Marsh plants like reeds, water hyacinth, iris, and duckweed are not only beautiful, they can also help conserve and treat greywater.
A wetland full of reeds, fish, frogs, and ducks is a peaceful place. A marsh ecosystem is also an outstanding water treatment system. Marsh plants are incredible plants, capable of recycling wastewater or greywater.
What is Grey Water?
Everyone uses water. Some of this water is used in toilets and called black water. This water contains sewage.
Although it contains organic matter and detergents, fifty to eighty percent of residential water is only gently used before it goes down the sewer. This water might be from a shower, washing machine, or from the kitchen sink.
Conserve Greywater in Times of Drought
In the heat of summer, plants need water. However, this is the time when gardeners must think of ways to conserve water. What is a gardener to do to accommodate thirsty plants? Rain barrels and water-wise gardening help conserve water in the garden. Reusing greywater is another way to conserve water.
Many people collect water from the shower in a bucket and use it to water plants. Some connect devices like the Aqus water saver to a sink to collect used water. A dishpan is also a handy, low tech option to save and reuse kitchen water.
However, this household water may contain bacteria and organic matter. Creating a wetland full of plants that clean water is an excellent way to reuse greywater and have a thriving wetland garden.
Wetlands can Treat Wastewater
Wetlands are beautiful wildlife habitats, but they can also be designed as water treatment systems. This water filtration using plants is also called phytoremediation. Reeds and other wetland plants filter and recycle wastewater through their roots.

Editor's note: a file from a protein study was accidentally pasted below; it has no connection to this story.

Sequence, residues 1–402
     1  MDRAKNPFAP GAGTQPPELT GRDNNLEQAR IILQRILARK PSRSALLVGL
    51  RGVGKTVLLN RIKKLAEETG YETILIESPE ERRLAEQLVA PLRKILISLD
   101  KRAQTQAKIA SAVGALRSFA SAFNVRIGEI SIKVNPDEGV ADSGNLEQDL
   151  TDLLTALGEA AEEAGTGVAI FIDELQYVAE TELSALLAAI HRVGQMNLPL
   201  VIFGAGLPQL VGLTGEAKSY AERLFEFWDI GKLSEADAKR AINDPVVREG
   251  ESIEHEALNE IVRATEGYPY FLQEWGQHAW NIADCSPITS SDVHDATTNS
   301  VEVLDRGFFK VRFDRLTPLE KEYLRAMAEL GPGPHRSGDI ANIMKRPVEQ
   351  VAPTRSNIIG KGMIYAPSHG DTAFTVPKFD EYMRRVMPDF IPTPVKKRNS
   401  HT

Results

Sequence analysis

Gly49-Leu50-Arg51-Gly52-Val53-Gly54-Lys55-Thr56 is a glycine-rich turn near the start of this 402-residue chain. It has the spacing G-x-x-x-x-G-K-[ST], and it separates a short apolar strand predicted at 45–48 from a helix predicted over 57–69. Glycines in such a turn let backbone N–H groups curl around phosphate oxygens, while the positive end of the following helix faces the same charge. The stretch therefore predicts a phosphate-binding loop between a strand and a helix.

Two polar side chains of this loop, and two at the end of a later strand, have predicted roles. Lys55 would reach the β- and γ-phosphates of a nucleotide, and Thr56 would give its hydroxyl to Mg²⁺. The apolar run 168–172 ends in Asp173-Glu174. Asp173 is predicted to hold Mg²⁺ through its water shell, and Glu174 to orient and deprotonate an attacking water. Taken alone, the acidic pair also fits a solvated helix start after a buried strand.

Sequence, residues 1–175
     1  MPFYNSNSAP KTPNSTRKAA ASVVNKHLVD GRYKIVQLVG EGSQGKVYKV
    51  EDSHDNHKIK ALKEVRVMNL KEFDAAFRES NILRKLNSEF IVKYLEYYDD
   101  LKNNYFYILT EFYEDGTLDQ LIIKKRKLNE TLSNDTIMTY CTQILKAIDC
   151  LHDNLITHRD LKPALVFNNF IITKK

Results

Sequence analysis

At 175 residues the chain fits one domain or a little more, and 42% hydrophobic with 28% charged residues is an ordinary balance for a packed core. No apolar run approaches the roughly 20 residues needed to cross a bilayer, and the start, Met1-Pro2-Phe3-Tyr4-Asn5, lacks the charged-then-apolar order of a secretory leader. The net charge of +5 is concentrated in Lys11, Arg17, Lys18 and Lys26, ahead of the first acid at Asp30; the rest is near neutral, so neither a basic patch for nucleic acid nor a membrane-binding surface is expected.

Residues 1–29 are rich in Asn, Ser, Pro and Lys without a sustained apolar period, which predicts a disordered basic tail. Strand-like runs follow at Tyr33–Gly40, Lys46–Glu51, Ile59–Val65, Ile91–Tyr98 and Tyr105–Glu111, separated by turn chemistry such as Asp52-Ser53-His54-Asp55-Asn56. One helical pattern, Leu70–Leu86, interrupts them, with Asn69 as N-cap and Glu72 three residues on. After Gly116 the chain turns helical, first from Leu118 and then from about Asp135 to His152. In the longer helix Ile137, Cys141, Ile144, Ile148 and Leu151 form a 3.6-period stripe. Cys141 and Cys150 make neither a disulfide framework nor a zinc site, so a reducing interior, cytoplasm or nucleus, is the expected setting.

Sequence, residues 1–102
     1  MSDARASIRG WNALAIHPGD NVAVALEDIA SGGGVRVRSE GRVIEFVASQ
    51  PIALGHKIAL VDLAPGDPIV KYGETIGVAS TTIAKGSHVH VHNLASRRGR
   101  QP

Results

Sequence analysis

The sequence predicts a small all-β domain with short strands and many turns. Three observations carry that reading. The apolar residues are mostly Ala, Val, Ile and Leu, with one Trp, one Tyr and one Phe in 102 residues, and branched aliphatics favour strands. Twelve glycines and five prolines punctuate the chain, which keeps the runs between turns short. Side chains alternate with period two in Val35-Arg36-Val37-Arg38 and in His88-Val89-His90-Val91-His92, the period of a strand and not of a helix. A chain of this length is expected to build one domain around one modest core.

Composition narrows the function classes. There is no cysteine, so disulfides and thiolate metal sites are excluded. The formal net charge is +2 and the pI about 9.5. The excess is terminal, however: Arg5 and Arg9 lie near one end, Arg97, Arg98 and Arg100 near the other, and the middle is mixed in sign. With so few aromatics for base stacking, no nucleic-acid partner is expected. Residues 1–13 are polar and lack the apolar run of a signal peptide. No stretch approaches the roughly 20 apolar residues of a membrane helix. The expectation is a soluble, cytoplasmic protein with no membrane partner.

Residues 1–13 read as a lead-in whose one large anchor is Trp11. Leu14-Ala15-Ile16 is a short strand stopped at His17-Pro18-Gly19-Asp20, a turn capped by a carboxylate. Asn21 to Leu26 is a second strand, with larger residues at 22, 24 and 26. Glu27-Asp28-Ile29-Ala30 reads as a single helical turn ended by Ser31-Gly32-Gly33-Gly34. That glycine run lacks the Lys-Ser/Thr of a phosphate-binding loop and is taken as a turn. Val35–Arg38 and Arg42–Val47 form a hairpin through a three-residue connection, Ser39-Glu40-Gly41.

Wetland and Reed Bed Design
Constructed wetlands can be as simple as a rain garden in a low part of a garden. A small wetland can be used to treat wastewater collected manually. Larger wetlands can collect water from appliances that are held in a tank and released into the wetland.
Some wetland designs place water above ground, while others have subsurface flow. Keeping water below the gravel is preferable for the home wetland since this reduces any odors and removes potential mosquito habitat.
One cubic foot of wetland is required for every gallon of water. For a home, this might be a 1 foot deep and 120 cubic foot wetland.
Species of Wetland Plants that Filter Water
Cattail, bulrush, reed, and sedge species are all common in constructed wetland ecosystems. They play various roles in a constructed wetland. Some remove heavy metals, while others are more skilled at removing organic matter.
Phragmites australis, the common reed, is often used in water treatment in Europe to remove nitrogen. However, it can be invasive in North America and Australia. Duckweed (Lemnoideae family) also removes nitrogen and phosphorus.
Typha has shown promise for removing heavy metals, and for those who weave, its vegetation can be used for mats and baskets. Iris and water hyacinth can also remove heavy metals such as lead, copper, zinc, nickel, and cadmium, but take care, as water hyacinth can also be invasive in many locales.
As with all choices of wetland plants for the garden, plant species should be chosen with local ecology in mind. Always check with local wetland plant experts to ensure that a species is not invasive in local wetlands. Many wetland species breed and spread easily!
A wetland garden can be full of life. It can also add to the sustainability of a home by allowing a gardener to conserve and reuse greywater. Turn a pond or a wet garden into a place that works for the planet by reframing it as a water treatment system.